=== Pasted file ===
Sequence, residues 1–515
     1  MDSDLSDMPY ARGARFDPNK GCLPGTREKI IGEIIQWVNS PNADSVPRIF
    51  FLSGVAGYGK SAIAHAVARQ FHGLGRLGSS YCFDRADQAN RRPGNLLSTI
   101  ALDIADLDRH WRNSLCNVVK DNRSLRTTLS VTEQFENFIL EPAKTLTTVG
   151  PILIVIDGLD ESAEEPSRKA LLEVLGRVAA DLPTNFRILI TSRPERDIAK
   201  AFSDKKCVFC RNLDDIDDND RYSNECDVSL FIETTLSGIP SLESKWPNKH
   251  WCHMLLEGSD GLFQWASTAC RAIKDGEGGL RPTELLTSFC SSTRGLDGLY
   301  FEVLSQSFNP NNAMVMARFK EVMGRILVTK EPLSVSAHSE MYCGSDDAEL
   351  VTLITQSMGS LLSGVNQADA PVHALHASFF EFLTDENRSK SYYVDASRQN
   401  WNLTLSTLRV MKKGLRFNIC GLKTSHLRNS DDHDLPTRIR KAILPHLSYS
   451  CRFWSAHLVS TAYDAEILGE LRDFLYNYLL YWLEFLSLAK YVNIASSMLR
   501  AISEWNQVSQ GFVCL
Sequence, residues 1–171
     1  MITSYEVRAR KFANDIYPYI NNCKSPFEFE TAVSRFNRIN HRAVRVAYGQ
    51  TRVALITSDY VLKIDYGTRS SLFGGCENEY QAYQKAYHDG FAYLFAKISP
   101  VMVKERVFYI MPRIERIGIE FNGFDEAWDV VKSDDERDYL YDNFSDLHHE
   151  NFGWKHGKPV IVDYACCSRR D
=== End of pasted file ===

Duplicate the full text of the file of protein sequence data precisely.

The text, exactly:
Sequence, residues 1–515
     1  MDSDLSDMPY ARGARFDPNK GCLPGTREKI IGEIIQWVNS PNADSVPRIF
    51  FLSGVAGYGK SAIAHAVARQ FHGLGRLGSS YCFDRADQAN RRPGNLLSTI
   101  ALDIADLDRH WRNSLCNVVK DNRSLRTTLS VTEQFENFIL EPAKTLTTVG
   151  PILIVIDGLD ESAEEPSRKA LLEVLGRVAA DLPTNFRILI TSRPERDIAK
   201  AFSDKKCVFC RNLDDIDDND RYSNECDVSL FIETTLSGIP SLESKWPNKH
   251  WCHMLLEGSD GLFQWASTAC RAIKDGEGGL RPTELLTSFC SSTRGLDGLY
   301  FEVLSQSFNP NNAMVMARFK EVMGRILVTK EPLSVSAHSE MYCGSDDAEL
   351  VTLITQSMGS LLSGVNQADA PVHALHASFF EFLTDENRSK SYYVDASRQN
   401  WNLTLSTLRV MKKGLRFNIC GLKTSHLRNS DDHDLPTRIR KAILPHLSYS
   451  CRFWSAHLVS TAYDAEILGE LRDFLYNYLL YWLEFLSLAK YVNIASSMLR
   501  AISEWNQVSQ GFVCL
Sequence, residues 1–171
     1  MITSYEVRAR KFANDIYPYI NNCKSPFEFE TAVSRFNRIN HRAVRVAYGQ
    51  TRVALITSDY VLKIDYGTRS SLFGGCENEY QAYQKAYHDG FAYLFAKISP
   101  VMVKERVFYI MPRIERIGIE FNGFDEAWDV VKSDDERDYL YDNFSDLHHE
   151  NFGWKHGKPV IVDYACCSRR D